Economy - overview: Nicaragua is one of the hemisphere's poorest countries, with low per capita income, flagging socio-economic indicators, and huge external debt. The country has made significant progress toward macro-economic stabilization over the past few years - even with the damage caused by Hurricane Mitch in the fall of 1998. International aid, debt relief, and continued foreign investment have contributed to the stabilization process. GDP grew 6.3% in 1999, while inflation remained about 12%, and unemployment dropped. Nicaragua may qualify for the Highly Indebted Poor Countries (HIPC) initiative, though aid is conditioned on improving governability, the openness of government financial operations, poverty alleviation, and human rights.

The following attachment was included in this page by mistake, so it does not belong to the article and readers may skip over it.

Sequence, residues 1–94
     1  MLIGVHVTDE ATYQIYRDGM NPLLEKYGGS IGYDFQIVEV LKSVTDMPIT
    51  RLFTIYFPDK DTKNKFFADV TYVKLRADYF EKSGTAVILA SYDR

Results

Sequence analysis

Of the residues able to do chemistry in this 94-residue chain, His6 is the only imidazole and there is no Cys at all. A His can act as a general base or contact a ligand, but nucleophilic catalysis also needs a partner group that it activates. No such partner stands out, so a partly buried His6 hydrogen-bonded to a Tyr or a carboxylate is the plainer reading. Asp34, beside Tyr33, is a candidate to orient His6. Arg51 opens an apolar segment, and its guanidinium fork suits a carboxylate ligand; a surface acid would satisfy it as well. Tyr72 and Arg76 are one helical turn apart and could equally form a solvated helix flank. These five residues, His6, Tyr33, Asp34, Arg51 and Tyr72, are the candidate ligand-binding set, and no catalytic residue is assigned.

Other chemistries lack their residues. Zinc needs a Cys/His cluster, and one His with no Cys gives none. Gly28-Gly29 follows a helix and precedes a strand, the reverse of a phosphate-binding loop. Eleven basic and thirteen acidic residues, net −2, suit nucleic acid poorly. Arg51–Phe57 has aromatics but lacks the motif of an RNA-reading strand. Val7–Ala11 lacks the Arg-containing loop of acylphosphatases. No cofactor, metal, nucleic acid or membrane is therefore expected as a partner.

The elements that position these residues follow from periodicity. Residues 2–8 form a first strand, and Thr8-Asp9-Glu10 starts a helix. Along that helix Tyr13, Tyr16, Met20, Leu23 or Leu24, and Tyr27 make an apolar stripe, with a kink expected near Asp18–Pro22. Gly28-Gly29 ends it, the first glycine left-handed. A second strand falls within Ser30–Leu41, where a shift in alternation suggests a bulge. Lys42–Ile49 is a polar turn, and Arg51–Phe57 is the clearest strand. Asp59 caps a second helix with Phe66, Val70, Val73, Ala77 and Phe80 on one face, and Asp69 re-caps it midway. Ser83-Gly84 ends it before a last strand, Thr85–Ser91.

Definition: This entry briefly describes the type of economy, including the degree of market orientation, the level of economic development, the most important natural resources, and the unique areas of specialization. It also characterizes major economic events and policy changes in the most recent 12 months and may include a statement about one or two key future macroeconomic trends.
Source: CIA World Factbook - Unless otherwise noted, information in this page is accurate as of April 17, 2000
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